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#FlashbackFriday: Wine Accessories, New Trend or Evolved Tradition?

Editor's Note: #FlashbackFriday is a new series where The Wine Historian's Emily Kate offers an aha moment in wine history, often a news-worthy glimpse that speaks to today's landscape.

Various accessories have always been a part of the wine industry. From at least 3,000 B.C., we have reliefs and tomb paintings depicting the use of a multitude of different trappings meant to aid in the enjoyment of drinking. Over time, some of these accessories have gone in and out of use while others have remained useful throughout history. However, a handful have been repurposed based on the advancements of the industry or the values of a civilization. The most recent wine accessory to undergo this transformation is the red wine straw.

strawThe tagline of the straw reads: “Drink Red. Smile White.” When this was making the rounds on social media, it was met with a whole lot of moaning and groaning. To me, however, it isn't a fad, but rather a return to a style I come across often in books on Ancient Anatolia.

Right: This isn't anything new. Take it from the Anatolians. (Viticulture and Ancient Anatolia)

The drinkers of Antiquity often used siphons or reeds as straws to drink their wine. The images of Anatolians drinking from siphons may look identical to the red wine straws on the internet, but they were used for completely different reasons. Today, it is an obsession with flawless smiles. The drinkers of antiquity, however, weren’t drinking from straws out of concern for their pearly whites, but instead were using the straws to avoid the heavy sediment that would collect at the bottom of a wine vessel. Ancients hadn’t perfected the filtration and fining of wine and by simply drinking off the top layer of a settled vessel, one could avoid the majority of the sediment.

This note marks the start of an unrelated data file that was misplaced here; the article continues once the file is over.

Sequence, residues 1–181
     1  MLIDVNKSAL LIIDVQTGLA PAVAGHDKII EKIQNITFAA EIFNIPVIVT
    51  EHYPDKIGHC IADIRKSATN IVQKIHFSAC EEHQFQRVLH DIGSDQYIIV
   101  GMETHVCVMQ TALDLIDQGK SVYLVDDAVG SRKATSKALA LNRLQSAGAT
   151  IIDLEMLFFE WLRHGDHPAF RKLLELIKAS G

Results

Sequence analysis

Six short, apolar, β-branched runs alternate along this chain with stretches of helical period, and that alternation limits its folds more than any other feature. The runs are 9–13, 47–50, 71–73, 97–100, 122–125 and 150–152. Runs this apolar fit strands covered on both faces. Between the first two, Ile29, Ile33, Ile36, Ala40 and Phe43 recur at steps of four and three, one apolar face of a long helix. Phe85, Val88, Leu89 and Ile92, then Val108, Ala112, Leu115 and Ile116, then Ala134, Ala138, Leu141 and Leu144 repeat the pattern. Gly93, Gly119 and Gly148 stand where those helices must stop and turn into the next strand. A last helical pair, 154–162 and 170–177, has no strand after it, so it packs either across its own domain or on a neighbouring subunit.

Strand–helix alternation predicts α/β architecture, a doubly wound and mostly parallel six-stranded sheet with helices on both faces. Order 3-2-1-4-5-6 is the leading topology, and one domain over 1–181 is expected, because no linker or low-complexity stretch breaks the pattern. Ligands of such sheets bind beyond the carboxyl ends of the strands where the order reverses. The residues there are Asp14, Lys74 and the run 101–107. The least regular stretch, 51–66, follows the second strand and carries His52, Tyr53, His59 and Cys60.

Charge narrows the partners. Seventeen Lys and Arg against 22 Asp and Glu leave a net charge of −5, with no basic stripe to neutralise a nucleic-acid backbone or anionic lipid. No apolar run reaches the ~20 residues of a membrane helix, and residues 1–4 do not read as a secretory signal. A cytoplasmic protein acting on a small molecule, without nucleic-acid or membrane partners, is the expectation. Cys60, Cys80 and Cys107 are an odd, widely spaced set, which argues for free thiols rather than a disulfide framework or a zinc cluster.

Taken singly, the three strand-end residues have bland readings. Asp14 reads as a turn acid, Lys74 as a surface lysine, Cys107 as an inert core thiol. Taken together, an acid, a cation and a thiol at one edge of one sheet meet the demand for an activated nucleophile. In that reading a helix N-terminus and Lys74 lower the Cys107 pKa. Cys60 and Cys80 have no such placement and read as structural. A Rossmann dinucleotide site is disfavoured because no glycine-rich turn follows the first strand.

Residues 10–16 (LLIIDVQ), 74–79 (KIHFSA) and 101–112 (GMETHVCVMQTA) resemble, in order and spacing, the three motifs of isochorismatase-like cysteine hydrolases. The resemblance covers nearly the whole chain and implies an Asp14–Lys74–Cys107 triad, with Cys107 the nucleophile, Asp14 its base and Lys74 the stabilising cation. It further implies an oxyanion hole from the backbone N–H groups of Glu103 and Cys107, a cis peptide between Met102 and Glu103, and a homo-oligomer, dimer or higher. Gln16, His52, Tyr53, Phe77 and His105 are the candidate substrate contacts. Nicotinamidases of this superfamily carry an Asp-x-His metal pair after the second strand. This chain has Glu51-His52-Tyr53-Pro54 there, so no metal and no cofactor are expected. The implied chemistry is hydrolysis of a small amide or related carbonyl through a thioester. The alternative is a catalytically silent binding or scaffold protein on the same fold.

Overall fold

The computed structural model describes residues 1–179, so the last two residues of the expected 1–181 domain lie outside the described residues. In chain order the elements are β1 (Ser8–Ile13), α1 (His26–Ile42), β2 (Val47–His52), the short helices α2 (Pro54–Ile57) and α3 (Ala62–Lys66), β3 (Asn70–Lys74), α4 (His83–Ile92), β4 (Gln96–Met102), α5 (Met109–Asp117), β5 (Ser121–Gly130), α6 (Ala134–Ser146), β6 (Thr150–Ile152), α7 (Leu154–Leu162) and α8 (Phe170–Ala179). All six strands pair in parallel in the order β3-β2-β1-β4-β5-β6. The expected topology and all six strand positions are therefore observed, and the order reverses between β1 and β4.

straw 2The way that we deal with unfined and unfiltered wines nowadays is to decant them. Although our glass decanters may not look exactly like anything found in an ancient household, the side spouted strainer jugs of the Ancient Mediterranean served the same purpose.

Left: Decanters looked a little different, but served similar purposes.

The wine, about to be consumed, would be emptied into a jug and left to settle, then it would be poured from a spout with cloth affixed to it which further filtered the wine. Wine was also poured through sieves to catch larger foreign bodies that found their way into the containers prior to consumption.

In some cases, wine has required the same attention for which different tools have been devised to provide it. In others, new sensibilities have necessitated inventions to aid in our consumption. It seems that there will be no escaping the need to gear up when we’re sipping down. Accessories have always been a part of the wine industry and despite the way that winery technology advances to mitigate existing grievances, other societal pressures will undoubtedly continue paving the way for even more inventions in the way of wine accessories to come.

Below: Can you match the household and cooking utensils of yore with those that you'll find in your cupboards today?

kitchen

Be sure to check out Emily's YouTube channel, History Of Wine. She has a current video series exploring the history of wine and law, running through September. Choice topics include Laws, Swindling, Shipping and Taxation, Piracy/Shipwrecks, and Vineyard/Winery Labor.

The sources and suggestions for further reading:

An Historical Geography of Viticulture and the Wine Trade by Tim Unwin

A History of Wine: Great Vintage Wines from the Homeric Age to the Present Day by H. Warner Allen

The Origins and Ancient History of Wine Edited by Patrick E McGovern, Stuart J Fleming and Solomon H Katz

Viticulture and Ancient Anatolia by Ronald L Gorny

Empty Cups and Empty Jugs: The Social Role of Wine in Minoan and Mycenaean Societies by James C Wright



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